Engineering & Construction Services
Each section below relates to the TPT Disclosure Framework principles of Action and Accountability. The below provides further guidance for sub-elements 4.1 and 4.3. The TPT welcomes comments on this guidance to ensure it is as useful as possible for preparers and users. The text is open for comment until Friday, 24 November. Please select the feedback form at the bottom of the page. The final text will be updated in February.
The Engineering & Construction Services industry provides engineering, construction, design, consulting, contracting and other related services that support various building and infrastructure projects. The industry has four major segments: engineering services, infrastructure construction, non-residential building construction, and building subcontractors and construction-related professional services. The infrastructure construction segment includes entities that design or build infrastructure projects such as power plants, dams, oil and gas pipelines, refineries, highways, bridges, tunnels, railways, ports, airports, waste treatment plants, water networks and stadiums. The non-residential building construction segment includes entities that design or build industrial and commercial facilities such as factories, warehouses, data centres, offices, hotels, hospitals, universities and retail spaces such as shopping centres. The engineering services segment includes entities that provide specialised architectural and engineering services such as design and development of feasibility studies for many of the project types listed above. Finally, the building subcontractors and other construction-related professional services segment includes smaller entities that provide ancillary services such as carpentry, electrical, plumbing, painting, waterproofing, landscaping, interior design and building inspection.
1. Prioritise design and specification of built assets to have low/near-zero GHG materials2, 5, 7, 8
- prioritise energy-efficient built assets (e.g. enhanced insulation, energy-saving windows, efficient heating/cooling systems);
- design with resource efficiency/maximum resource effectiveness to reduce waste and over-use;
- prioritise the use of low/near-zero GHG materials and responsible use of renewable & biogenic materials;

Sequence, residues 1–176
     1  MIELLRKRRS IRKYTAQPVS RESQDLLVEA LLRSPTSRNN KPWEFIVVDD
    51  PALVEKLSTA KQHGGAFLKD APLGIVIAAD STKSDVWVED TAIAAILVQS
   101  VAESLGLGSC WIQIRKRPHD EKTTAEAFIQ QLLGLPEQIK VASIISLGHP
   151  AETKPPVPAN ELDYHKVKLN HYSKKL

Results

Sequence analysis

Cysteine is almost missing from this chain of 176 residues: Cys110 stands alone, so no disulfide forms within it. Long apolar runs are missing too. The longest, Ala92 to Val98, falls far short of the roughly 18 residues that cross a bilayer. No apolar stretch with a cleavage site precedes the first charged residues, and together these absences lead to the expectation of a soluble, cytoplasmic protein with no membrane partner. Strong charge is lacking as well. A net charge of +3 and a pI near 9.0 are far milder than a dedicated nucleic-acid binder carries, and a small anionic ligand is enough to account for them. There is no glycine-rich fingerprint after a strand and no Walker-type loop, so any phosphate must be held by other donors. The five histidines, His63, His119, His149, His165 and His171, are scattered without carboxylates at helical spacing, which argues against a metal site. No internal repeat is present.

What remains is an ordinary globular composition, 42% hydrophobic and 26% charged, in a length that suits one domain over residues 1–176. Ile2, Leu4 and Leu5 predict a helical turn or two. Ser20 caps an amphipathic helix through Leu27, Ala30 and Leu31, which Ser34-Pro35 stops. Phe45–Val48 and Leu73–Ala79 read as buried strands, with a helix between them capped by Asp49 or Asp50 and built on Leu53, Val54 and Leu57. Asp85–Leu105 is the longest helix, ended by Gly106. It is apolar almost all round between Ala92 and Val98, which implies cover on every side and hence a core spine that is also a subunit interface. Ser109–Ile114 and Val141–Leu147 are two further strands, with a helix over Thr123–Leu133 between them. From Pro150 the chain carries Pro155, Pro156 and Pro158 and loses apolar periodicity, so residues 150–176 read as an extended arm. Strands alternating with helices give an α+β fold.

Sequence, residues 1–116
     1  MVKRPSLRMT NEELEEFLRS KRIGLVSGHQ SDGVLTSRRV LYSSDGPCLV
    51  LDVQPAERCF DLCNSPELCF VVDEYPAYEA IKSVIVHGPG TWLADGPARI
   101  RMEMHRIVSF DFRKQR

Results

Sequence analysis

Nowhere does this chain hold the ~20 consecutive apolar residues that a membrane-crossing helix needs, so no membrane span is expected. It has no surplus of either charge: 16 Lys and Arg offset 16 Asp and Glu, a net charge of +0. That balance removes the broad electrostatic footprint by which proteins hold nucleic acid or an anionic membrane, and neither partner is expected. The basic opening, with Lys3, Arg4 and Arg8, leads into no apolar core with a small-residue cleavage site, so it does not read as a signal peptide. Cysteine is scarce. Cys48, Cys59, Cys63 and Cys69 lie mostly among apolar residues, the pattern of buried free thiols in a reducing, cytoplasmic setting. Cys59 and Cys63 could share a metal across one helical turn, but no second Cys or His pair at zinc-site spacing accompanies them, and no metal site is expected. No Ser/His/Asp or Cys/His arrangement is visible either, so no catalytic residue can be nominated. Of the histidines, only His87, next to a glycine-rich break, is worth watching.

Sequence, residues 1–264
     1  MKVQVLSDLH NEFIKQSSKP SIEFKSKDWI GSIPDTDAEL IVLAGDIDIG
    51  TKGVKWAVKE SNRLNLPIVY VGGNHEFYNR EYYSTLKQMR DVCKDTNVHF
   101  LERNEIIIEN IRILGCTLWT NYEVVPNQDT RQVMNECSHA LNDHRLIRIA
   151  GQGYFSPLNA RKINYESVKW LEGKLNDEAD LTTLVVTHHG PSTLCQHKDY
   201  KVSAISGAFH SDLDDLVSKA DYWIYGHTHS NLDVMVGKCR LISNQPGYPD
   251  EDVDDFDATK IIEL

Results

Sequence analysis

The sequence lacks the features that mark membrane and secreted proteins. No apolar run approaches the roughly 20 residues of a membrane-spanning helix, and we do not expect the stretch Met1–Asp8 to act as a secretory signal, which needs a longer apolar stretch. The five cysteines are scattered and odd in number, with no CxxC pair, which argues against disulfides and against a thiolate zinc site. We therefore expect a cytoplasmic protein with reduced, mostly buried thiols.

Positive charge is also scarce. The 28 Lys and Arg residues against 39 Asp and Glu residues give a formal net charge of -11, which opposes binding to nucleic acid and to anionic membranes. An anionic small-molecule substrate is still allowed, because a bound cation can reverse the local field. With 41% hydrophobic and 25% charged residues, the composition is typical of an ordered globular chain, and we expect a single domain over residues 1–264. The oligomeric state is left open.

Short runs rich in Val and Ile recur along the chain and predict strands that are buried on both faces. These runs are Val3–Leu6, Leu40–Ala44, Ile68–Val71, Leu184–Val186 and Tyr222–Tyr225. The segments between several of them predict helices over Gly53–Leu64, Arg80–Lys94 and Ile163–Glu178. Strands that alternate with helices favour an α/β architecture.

- incorporate future circularity (design for deconstruction and reuse, use longer life materials); and
- select refrigeration and HVAC systems that utilise low-GWP refrigerants.
2. Implement energy-efficient and renewable solutions at construction site3
- utilise on-site renewable energy (e.g. solar-powered equipment);
- invest in energy-efficient, fossil fuel-free construction equipment and machinery;
- engage with projects that bolster renewable energy adoption;
- promote the use of energy storage solutions, like batteries, to optimise renewable energy use on-site.
3. Low-GHG emissions value chain (e.g., raw materials, transport, manufacturing, construction)3, 7, 8
- procure green products and encourage upstream partners to adopt green practices;
- supporting the manufacturing of low-GHG emissions transport modalities or infrastructure;
- utilise electric vehicles and support low-GHG emissions vehicles, including BEV, PHEV, and HEV; and
- recover and reuse cities’ waste materials (i.e. Urban Mining), such as concrete, bricks, steel reinforcements, roofing materials, etc.
- number of (1) commissioned projects certified to a third-party multi-attribute sustainability standard and (2) active projects seeking such certification;6
- amount of backlog for (1) hydrocarbon- related projects and (2) renewable energy projects;6
- amount of backlog cancellations associated with hydrocarbon-related projects;6
- amount of backlog for non-energy projects associated with climate change mitigation;6
- low-GHG emissions buildings share;1
- percentage of projects that achieve net zero embodied carbon8; and
- percentage of projects that have publicly shared their embodied carbon material specifications and lifecycle assessment data8.
- whole-life GHG emissions intensity (kgCO₂e/m²) of projects (renovated and new buildings) in which services were provided, following the GHG Protocol standards1, 3, 6; and
- whole-life GHG emissions absolute of projects (renovated and new buildings) in which services were provided, consistent with the GHG Protocol3.
Engineering and construction services literature
- Assessing low-Carbon Transition, Building Construction, 2022
- Carbon Risk Real Estate Monitor, How to manage your net zero targets with CRREM, 2022
- Climate Bonds Initiative, Buildings Criteria, 2020
- European Public Real-estate association, EPRA Sustainability Best Practices Recommendations Guidelines, 2017
- International Energy Agency, Transition to Sustainable Buildings, 2013
- IFRS, [Draft] Industry-based Guidance on Implementing IFRS S2, 2022
- ShareAction, Decarbonising Real Estate: Foundations for Success, 2021
- World Green Buildings Council, Bringing embodied carbon upfront
The TPT welcomes comments on the Sector Summary to ensure it is as useful as possible for preparers and users. The Sector Summary was open for comment until Friday 24 November and, following consideration of the feedback received, will be updated in February. Thank you to the industry experts who provided comments.